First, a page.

I’ve got a Tour de Cure ride coming up this weekend. Naturally, my bike had not gotten much use over the past…2012. So it seemed prudent to dust off the spokes (and fill up the tires with air) and hop on the WOD for a few miles. A few turned in to fifteen, but it was a necessary, and welcome respite from the insanity that was my work day. It certainly helped decompress a bit and also distract me from the fact that Dayle is still in South Africa until Sunday.
I decided to wear my Red Rider jersey from last year’s Tour de Cure, mostly for the pockets on the back of the jersey.
Tangent: Who thought of that? That person is a genius!
Other than the occasional hill and stop sign waiting for traffic to pass, the ride was actually kind of boring. This isn’t a complaint, just an observation. I think this is a good thing because the only exciting things associated with riding a bike that I can think of at the moment involve an epic crash or accident. I can do with out those.
As I started to slow down during the last mile of my ride I was passed by a group of riders. This isn’t new to me, I’m not exactly Phil Southerland out there. But through my ear buds I could hear the last member of this group politely yell “Hey, Red Rider!” and extend his fist in a bump-expecting manner. Granted, the back of this jersey says “I RIDE WITH DIABETES!” so anyone with the gift of sight can connect the dots, but it was still nice to share a moment with a total stranger who, I hope, knew what I go through on a day-to-day basis.
Yes, I did reciprocate the fist bump. And I did explode it. He did not, but since he initiated said bump, I wasn’t going to hate.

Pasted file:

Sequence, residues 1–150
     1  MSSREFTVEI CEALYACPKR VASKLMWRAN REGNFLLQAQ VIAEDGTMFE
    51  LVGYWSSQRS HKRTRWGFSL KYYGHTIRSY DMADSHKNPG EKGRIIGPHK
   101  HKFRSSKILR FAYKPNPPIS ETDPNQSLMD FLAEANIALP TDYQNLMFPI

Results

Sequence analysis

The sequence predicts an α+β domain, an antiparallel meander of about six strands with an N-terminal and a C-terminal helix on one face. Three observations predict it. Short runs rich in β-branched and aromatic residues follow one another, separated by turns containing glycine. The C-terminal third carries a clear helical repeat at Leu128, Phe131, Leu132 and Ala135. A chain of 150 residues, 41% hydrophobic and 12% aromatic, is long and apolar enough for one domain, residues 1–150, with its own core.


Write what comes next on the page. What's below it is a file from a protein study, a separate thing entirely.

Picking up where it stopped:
For me, living with diabetes and advocating for awareness are always at odds. I’m not ashamed of my diabetes but I don’t go out of my way to show off my insulin pens or Dexcom receiver with the hopes that someone will ask me what I’m doing. That may make me a bad diabetes advocate, but I think it’s a little presumptuous to throw my diabetes in everyone’s faces expecting them to take an interest. If an opportunity to educate arises I don’t often shy away from those moments, but I think a little humility goes a long way with this whole advocacy thing.
But putting on this Red Rider jersey always gives me a huge sense of pride. Maybe it’s because I’m going to a diabetes related event, so it’s okay to be a little more show-offy about my diabetes. Maybe it’s because the statement “I RIDE WITH DIABETES!” has a lot of fine print along the lines of “Yes, I have diabetes. Yes, it sucks. No, it does not stop me from doing anything. I’m bigger, better and more badass than this disease.” It’s there on the jersey, you just have to look very, very close. I put this jersey on and I feel super human. Putting this jersey on makes me feel proud of my diabetes – which doesn’t happen often.
Simply put: It’s really, really cool.
Oh, then there’s this…
I’m still a ways away from my fundraising goal. If you’ve got a few dollars to spare.
One thought on “Hey! Red Rider!”
Go, Red Rider! How was the TdC ride itself?